Along with global capital becoming increasingly free-floating, high technology has infused all aspects of human life and become almost undistinguishable from the human. One response to the crisis has been to reduce nature to abstracted monetary values, which are subsequently traded on “big data” based computerized monetary markets, and where, for example, carbon is currency. Other proposals are for massive geo-engineering of planetary weather systems or water systems at a scale and expense hitherto unknown. These almost fantastical attempts take the centralizing approach to a new level, and yet have not even begun to bend the trajectory of the ecological crisis. It is a signal that more diverse approaches are called for.

This new age of power over nature is being called “the Anthropocene,” or “Age of the Human.”1 This idea has been some time in the making. Our understandings of the impacts of human “progress” have grown over the past few decades, with markers of the damaging consequences noted in concepts such as Limits to Growth, the Sixth Extinction and Climate Change. Images of polar ice caps melting confirm that the planet as we know it is changing rapidly. Alongside, fresh ecological readings of histories suggest new linkages between nature and nation-making.

The idea of the Anthropocene, as a new place holder for rethinking the state of planet, contains more complexities than are immediately apparent. The art historian and cultural critic T.J. Demos writes that (though) “the term (captures) the geological impact of human activities, … (and) unites climate science and environmental studies with the environmental arts and humanities—the crisis … (points) to complex socio-economic, political and material operations, involving classes and commodities, imperialism and empire, biotechnology and militarism, that distributes causality for environmental change beyond the problematic generalization of human species-being.”2 Dipesh Chakrabarty, the historian and post-colonial scholar, asks, “Why should one include the poor of the world—whose carbon footprint is small anyway—by use of such all inclusive terms as “species” or “mankind,” when the blame for the current crisis should be squarely laid at the door of the rich nations in the first place and of the richer classes in the poorer ones?” 3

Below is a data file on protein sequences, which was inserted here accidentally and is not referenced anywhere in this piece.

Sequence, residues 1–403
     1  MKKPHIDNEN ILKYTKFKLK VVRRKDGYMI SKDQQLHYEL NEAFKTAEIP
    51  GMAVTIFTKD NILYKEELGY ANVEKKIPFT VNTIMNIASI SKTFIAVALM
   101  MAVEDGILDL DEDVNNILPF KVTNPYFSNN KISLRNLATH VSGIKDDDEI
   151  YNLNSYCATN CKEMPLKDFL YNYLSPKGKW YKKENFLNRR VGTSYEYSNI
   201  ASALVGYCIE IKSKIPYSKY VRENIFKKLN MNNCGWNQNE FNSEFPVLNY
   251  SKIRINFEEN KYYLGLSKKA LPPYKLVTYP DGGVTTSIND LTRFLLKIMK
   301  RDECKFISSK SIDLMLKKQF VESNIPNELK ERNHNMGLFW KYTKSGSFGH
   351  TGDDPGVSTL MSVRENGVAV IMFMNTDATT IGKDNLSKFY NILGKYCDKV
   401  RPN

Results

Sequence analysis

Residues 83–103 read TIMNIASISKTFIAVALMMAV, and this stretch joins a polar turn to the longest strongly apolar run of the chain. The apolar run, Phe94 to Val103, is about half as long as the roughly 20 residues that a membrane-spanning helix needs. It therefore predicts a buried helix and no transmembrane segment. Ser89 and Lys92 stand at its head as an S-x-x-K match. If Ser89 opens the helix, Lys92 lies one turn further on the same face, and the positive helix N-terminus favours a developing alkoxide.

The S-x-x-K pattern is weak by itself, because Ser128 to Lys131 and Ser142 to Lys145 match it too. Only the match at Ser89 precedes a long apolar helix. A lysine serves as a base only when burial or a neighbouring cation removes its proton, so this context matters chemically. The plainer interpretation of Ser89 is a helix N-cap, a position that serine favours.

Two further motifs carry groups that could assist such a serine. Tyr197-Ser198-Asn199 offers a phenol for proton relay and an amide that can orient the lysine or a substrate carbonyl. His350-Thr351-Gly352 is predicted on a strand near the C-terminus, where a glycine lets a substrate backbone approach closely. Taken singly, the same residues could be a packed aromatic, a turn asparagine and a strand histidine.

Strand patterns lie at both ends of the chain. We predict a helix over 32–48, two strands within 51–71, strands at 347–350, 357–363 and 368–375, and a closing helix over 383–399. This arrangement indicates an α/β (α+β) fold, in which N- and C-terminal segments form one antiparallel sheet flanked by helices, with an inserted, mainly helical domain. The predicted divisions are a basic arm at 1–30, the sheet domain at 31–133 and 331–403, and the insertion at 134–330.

The term Anthropocene has also been contested by terms such as Capitalocene (Moore ),4 Plantationocene, Chthulucene (Haraway)5 etc. However, all of them in varying ways pinpoint the idea of “nature” as central to our current crisis, and point towards that idea being lodged in social structures, gender politics, and income inequities. The eco-philosopher Timothy Morton goes a step further, to question “nature” itself as a category and proposes the idea of an “ecology without nature”.6

The ecological crisis today is foundational and multi-dimensional, and addressing it requires cutting across traditional disciplinary categories of knowledge. It necessitates a sharing of perspectives and recovering multiple ways of knowing and relating to nature. Moreover, solving the crisis demands that our gaze to be turned inwards to an examination of our notions of power and ethics. Planetary futures are at stake.

This essay was originally published by the Goethe-Institut at goethe.de, partners of the Anthropocene Curriculum India initiative.